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Tuesday, 2 April, 2002, 23:03 GMT 00:03 UK
Angola rebels granted amnesty
Parliament voting
The decision was unanimous
Angola's parliament has passed a law granting an amnesty to former Unita rebels.

The move follows an agreement last week between the government army and Unita's military commanders.

The ceasefire agreement is scheduled to be signed on Thursday, formally ending 27 years of civil war.

General Paulo Lukamba Gato, the new leader of the Unita movement, arrived in the Angolan capital Luanda on Tuesday in preparation for the signing.

Speaking on state radio soon after he arrived, Mr Gato said that Angola would now enjoy what he called a definitive peace.

However, a reminder of the country's continuing instability came on Monday when seven people were reportedly killed in an ambush in the central town of Huambo.

A local official blamed the attack on Unita bandits, Catholic radio station Radio Ecclesia reports.

Integration

The amnesty, approved unanimously, covers "all civilians and soldiers, Angolan or foreign, who committed crimes against the security of the Angolan state" as well as "any person imprisoned during the war" and "deserters" from the Angolan army.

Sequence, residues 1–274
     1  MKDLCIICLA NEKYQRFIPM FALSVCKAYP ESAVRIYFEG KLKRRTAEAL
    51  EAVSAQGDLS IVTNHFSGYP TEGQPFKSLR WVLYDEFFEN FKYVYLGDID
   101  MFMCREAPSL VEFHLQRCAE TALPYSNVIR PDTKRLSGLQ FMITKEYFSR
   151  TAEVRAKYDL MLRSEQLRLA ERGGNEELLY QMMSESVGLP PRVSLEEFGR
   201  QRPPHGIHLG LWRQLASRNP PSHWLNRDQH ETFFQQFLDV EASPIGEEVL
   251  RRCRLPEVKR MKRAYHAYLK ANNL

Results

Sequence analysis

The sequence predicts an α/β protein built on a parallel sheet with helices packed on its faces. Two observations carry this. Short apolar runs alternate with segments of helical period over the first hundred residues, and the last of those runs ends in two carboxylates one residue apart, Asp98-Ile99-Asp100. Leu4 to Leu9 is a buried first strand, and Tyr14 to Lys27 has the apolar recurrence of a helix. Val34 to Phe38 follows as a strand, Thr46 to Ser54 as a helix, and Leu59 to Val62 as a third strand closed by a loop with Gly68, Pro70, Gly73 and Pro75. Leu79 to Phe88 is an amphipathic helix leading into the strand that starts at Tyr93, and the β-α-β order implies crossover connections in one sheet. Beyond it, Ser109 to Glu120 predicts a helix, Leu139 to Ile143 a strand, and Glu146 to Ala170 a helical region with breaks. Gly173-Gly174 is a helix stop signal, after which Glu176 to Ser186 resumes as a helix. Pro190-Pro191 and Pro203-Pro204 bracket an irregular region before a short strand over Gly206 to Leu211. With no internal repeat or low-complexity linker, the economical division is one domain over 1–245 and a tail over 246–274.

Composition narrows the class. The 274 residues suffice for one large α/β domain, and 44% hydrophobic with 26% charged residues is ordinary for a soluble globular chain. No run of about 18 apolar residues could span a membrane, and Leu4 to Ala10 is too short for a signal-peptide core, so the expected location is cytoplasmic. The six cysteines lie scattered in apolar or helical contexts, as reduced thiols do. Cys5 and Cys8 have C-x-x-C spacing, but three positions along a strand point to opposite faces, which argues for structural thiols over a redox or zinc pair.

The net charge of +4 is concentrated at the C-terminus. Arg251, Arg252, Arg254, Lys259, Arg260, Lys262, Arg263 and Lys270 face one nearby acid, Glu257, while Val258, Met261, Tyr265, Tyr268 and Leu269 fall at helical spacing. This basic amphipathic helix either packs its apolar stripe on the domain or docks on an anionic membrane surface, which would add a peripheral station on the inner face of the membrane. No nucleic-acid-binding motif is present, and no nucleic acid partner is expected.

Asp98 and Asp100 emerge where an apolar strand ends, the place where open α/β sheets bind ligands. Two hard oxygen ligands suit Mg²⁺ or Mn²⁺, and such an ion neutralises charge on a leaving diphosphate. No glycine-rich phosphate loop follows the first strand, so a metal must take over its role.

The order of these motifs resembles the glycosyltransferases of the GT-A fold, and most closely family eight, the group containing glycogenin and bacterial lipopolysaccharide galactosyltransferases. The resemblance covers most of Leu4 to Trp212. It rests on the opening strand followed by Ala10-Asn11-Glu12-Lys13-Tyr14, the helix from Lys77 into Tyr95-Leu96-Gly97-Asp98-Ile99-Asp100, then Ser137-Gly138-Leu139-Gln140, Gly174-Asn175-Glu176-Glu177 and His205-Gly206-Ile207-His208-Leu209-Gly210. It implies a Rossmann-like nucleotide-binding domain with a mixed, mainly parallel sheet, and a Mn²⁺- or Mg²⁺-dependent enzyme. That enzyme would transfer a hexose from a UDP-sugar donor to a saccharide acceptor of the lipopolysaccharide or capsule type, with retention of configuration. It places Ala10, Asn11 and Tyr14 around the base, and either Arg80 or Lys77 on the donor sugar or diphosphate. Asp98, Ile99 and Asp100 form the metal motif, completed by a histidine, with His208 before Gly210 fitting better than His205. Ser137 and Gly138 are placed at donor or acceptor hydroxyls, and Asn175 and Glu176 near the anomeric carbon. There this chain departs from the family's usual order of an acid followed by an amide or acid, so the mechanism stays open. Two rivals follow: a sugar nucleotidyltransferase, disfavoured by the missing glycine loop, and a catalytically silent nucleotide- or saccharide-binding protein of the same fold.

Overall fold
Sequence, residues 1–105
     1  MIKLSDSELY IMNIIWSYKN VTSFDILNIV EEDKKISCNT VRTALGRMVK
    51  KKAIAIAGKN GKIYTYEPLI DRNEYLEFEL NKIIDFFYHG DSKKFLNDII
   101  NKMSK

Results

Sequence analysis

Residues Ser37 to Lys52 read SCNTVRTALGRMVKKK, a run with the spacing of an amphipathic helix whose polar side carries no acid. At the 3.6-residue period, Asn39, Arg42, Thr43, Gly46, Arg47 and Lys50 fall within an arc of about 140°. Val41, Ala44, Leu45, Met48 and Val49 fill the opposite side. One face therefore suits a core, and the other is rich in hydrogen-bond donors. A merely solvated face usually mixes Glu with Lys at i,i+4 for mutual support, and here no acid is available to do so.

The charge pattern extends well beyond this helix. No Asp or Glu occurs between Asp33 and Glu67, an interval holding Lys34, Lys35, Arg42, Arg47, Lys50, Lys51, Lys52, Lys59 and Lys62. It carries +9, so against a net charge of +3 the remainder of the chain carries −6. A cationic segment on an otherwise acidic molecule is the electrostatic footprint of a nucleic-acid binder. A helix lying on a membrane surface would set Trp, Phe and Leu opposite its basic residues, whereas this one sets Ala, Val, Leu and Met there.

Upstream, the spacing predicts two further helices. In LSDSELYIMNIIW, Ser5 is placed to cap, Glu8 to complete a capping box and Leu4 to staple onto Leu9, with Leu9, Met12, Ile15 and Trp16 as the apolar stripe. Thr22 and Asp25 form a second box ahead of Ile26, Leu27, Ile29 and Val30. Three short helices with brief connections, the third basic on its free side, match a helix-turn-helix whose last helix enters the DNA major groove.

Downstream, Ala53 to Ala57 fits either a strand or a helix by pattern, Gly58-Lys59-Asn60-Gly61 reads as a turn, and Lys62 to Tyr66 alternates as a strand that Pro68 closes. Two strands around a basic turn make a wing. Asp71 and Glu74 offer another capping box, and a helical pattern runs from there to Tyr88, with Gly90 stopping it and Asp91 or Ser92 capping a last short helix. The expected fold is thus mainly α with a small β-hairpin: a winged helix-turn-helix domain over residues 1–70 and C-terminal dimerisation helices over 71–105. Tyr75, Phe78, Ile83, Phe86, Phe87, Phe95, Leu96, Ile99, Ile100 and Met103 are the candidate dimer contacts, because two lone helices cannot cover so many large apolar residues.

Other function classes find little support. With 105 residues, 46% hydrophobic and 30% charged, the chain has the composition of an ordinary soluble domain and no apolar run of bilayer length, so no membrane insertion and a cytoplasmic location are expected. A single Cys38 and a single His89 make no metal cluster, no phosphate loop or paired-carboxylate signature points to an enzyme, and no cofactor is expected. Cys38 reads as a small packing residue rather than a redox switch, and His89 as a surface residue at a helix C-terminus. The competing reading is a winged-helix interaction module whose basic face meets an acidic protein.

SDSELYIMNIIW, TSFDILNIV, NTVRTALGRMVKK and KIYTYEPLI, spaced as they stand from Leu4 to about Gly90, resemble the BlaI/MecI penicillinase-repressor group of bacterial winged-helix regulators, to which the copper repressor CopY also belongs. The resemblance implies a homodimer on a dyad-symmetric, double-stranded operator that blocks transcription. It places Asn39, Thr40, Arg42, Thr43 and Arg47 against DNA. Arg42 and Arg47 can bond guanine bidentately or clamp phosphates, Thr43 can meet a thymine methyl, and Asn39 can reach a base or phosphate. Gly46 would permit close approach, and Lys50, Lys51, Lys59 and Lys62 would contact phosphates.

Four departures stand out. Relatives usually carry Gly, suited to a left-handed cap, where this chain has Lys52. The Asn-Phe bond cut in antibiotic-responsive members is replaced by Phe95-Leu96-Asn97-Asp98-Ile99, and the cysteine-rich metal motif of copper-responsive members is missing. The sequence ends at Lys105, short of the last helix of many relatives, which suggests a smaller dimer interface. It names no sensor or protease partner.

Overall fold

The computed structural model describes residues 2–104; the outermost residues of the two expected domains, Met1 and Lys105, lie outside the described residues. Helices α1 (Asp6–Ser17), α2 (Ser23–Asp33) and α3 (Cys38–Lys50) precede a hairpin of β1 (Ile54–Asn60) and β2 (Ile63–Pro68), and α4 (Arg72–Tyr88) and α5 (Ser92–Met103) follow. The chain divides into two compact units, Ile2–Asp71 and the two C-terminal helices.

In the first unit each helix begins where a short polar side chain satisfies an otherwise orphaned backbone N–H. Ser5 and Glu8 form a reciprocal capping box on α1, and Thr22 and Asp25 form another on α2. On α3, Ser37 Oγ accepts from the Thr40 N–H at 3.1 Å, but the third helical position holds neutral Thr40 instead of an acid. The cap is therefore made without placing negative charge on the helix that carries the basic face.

Another key aspect of the peace deal is the integration of some 50,000 former Unita fighters into the government army.

General Paulo Lukamba 'Gato'
General Gato is accepted as Unita's new leader
The agreement comes just five weeks after the death of Unita's founding president, Jonas Savimbi.

He was killed by government troops and so too - it is widely believed - was his vice-president, Antonio Dembo.

General Gato, as Unita's Secretary General, is now the most senior political figure in the movement.

The presence in Luanda of Mr Gato - together with the commander in chief of Unita's armed forces, General Abreu Kamorteiro - has helped to boost confidence that the signing of the ceasefire will go ahead as planned.

Sanctions

However United Nations sanctions still remain in force against Unita officials based outside Angola.

Earlier on Tuesday the UN Secretary General's special representative for African Affairs, Ibrahim Gambari, arrived in Angola to witness the signing of the ceasefire agreement.

The BBC's correspondent in Luanda Justin Pearce says Mr Gambari's discussions with the government are likely to determine what role the international community might play in the transfer of rebel troops into the Angolan armed forces.

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 ON THIS STORY
The BBC's Justin Pearce
"Rebel officials are expected to arrive in the capital before the signing"
See also:

31 Mar 02 | Africa
Angola moves closer to peace
27 Mar 02 | Africa
Angola rebels back truce talks
07 Mar 02 | Country profiles
Country profile: Angola
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